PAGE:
Friday, 29 July 2016

Getters and Setters not Needed

Since I first learned of property descriptors in JavaScript I've had a certain feeling of guilt. Let me explain. In .C# the good practice is to use Properties for the access to any kind of public data (not only for "processed data": calculated, filtered, logged..., but also for just trivial data fields). We do the same in Java with get/set methods. I mean that in C# we write:

public string Name { get; set; }

//this automatic property is syntax sugar for:

private string name;
public string Name
  return name;

 set{ = value

So one would expect that we would write code in JavaScript like this:

var person = {
    get name() {
        return name;
    set name(newValue) {
        name= newValue;

//or like this

Object.defineProperty(person, "city", {
   get : function(){ return city; },  
   set : function(newValue){ city = newValue; },  
   enumerable : true,  
   configurable : true});

but I think nobody does this, so why? are we doing something wrong just out of lazyness?

No, we are not doing anything wrong, it's just that JavaScript is a different beast, and what is necessary in C# or Java is useless in JavaaScript. The reason for using properties even for just data fields is to isolate calling classes of changes in that class. If in the future that data field needs to be calculated or some additional checks need to be done, changing from a data field to a property will break the customer class. If it was in a different assembly, we'll have to compile it again. This is clear in Java, where a getter/setter is just a method, but it's the same in C#, cause a property is transformed by the compiler in one (or two) method. Changing from a data access instruction to a data retrieving or setting method invocation is a breaking change in a static language. So, using properties makes our code resistent to change.

In JavaScript this is not a problem. First, everything gets interpreted/jitted each time the program runs. Second, even if during the execution of one program we decided to replace a data field with a data accessor property the flexibility of the runtime will allow us to do so. Assuming the code accessing that datafield has already been jitted, it will have to be replaced by the jitted version of the new accessor descriptor invokation, which will have some performance impact, but I guess it should not be a problem.

So, feel free and happy to not use data accessors when all we need is a data holder.

Sunday, 24 July 2016

Rose Beton

Dans les derniers temps la maire de Toulouse s'a engagé à promouvoir le Street Art dans notre ville. Le dernier automne des murs du centre-ville ont été embellis par des artistes bien connus. Le projet continue à avancer, et cet été nous pouvons bénéficier du festival Rose Beton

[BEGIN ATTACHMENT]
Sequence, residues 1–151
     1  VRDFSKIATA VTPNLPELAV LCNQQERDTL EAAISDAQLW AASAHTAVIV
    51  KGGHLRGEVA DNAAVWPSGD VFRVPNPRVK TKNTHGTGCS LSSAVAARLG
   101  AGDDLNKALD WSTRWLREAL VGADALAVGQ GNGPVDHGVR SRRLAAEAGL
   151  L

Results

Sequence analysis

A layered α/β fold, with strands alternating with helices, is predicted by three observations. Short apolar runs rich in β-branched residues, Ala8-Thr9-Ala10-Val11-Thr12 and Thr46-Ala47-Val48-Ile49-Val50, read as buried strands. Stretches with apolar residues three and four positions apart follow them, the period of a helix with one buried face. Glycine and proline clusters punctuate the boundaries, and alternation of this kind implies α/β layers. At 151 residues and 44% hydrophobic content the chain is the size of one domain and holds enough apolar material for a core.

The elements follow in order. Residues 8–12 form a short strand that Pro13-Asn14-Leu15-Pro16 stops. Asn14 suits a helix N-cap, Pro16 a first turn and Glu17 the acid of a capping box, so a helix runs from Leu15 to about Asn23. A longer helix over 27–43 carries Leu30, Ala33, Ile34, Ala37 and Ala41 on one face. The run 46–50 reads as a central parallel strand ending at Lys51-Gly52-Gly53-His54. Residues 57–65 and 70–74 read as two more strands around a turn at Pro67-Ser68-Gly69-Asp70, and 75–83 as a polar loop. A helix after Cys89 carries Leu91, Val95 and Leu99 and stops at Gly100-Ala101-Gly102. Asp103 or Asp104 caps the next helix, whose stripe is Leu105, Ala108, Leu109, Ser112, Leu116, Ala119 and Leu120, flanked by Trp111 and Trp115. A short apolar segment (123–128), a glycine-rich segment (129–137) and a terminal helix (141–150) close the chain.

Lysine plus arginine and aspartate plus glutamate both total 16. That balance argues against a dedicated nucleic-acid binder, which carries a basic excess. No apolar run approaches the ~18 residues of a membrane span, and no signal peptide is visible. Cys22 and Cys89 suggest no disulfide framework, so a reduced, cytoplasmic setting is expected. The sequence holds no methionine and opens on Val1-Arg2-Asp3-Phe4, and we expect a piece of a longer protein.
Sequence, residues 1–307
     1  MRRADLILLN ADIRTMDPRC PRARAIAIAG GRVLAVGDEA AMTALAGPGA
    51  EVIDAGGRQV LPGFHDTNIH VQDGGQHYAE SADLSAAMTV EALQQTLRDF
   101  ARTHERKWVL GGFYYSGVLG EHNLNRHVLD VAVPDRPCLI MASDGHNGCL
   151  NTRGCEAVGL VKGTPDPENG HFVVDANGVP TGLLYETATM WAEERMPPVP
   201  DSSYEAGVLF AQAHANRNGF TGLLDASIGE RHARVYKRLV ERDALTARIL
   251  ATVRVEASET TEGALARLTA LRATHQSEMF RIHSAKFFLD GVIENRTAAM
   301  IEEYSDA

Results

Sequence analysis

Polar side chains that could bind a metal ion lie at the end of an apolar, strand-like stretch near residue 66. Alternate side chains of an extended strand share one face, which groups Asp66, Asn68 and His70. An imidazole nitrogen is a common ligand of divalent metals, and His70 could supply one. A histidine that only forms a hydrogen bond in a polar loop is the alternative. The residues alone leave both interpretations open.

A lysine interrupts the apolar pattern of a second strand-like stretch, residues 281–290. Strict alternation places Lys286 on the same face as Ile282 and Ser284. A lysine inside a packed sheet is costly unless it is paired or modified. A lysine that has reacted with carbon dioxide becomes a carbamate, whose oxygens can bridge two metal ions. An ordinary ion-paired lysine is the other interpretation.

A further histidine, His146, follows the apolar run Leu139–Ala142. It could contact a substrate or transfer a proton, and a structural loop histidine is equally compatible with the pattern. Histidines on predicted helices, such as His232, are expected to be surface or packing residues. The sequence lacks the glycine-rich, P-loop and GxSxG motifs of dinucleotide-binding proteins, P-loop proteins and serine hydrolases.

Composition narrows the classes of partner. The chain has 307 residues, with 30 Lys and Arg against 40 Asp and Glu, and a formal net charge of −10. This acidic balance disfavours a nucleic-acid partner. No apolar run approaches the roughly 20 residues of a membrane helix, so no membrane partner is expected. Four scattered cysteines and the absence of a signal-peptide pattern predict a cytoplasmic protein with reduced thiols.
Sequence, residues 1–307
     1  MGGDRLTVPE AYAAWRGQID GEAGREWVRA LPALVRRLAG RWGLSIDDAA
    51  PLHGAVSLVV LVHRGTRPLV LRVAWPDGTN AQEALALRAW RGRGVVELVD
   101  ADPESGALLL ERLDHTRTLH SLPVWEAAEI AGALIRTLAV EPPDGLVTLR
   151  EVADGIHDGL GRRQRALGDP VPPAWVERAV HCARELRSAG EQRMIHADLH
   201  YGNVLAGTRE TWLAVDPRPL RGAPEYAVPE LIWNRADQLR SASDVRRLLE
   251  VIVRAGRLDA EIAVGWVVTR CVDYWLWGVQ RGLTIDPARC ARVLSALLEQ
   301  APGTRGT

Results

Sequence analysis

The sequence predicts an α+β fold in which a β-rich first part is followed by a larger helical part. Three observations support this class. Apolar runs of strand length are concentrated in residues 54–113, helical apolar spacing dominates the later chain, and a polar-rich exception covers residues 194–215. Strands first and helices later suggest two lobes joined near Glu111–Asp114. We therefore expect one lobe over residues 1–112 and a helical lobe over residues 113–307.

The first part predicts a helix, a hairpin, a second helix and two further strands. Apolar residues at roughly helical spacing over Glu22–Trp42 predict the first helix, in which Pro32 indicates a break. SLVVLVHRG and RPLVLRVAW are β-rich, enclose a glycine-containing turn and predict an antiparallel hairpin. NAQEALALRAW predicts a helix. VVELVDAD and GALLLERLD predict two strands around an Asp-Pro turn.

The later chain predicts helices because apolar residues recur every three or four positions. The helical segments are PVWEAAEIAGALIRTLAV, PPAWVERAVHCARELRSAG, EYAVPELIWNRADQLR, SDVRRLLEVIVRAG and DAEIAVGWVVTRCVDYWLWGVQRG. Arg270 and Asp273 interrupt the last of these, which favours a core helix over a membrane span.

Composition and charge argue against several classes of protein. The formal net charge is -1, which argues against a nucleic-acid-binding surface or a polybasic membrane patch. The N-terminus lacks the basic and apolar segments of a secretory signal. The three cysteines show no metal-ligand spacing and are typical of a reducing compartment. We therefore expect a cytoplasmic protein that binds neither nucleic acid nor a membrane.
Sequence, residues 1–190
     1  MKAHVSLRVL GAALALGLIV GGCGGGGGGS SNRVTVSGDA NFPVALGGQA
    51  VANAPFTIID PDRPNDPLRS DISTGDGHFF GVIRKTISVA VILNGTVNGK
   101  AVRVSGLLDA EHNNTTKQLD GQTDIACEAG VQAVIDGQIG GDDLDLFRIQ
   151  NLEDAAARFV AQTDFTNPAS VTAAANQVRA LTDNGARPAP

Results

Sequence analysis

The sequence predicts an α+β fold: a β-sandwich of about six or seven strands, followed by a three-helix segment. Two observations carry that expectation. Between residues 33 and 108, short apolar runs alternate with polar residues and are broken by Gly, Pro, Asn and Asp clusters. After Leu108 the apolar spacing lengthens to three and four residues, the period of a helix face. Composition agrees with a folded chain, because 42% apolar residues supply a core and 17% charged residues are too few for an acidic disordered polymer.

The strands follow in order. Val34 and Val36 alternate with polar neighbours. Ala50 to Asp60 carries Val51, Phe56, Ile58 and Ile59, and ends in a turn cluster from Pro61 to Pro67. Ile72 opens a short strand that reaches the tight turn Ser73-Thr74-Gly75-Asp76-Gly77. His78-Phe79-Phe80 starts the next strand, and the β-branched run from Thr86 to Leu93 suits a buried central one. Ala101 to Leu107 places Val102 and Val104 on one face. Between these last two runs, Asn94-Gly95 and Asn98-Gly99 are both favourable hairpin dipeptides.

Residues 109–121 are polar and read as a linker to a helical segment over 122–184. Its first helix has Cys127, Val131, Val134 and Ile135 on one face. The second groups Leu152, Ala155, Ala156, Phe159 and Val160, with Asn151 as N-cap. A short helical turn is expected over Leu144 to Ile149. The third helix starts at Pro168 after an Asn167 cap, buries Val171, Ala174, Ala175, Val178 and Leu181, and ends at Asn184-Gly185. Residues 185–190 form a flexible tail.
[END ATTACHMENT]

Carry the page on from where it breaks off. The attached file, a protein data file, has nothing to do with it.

Le projet a eu la très bonne idée de prendre le street art à l'intérieur du musée (Abattoirs), ce qu'est une bonne facon de lui donner la reconnaissance qu'il a manque pendant longtemps. Mais bien sûr que le lieu pour le street art c'est la rue, et donc le rose beton a pris les murs de Toulouse aussi.

I've leveraged one Sunday afternoon to visit most of the street works of the festival, "Les murs dans la Ville" (I have a few of them missing yet). While some of them were not too appealing to me, there are 2 that just delighted me.

The wall done in Empalot by HENDRIK BEIKIRCH is just amazing. The painting is beautiful, powerful and massive, but the choice of place is even more astonishing. The contrast between the work of art and the horrible building on which it lives (that's one of the ugliest buildings I have ever seen in a first world country) is shocking. Empalot is a "second degree" quartier sensible. It means that it's not the best place in town to live, but it's not a warzone were the police is stoned from the windows and attacked by mobs of criminals (like Le Mirail or some suburbs of Marseille) or where the Islamists reign and spread terror (some Parisian suburbs). Indeed, the neighbourhood has a certain charm (I was about to move to a flat in a nearby zone, so I rather checked the area to make sure it was still an area "controlled by La Republique"). I would say it's more like a multicultural place than a communitarist hell. Years ago many of the buildings got their facades revamped and part of the area looks a lot like the suburbs of Easter European cities. Now the city council is carrying out a redevelopment project to tear down some of the worst buildings and build new ones, trying to leverage the excellent location (next to the river and its exensive green area, 10 minutes far from centre-ville by metro) to entine new population to the area. The building where this work lives is one of those that will be torn down (a similar one has already been demolished) so unfortunately this piece of street art won't last for too long.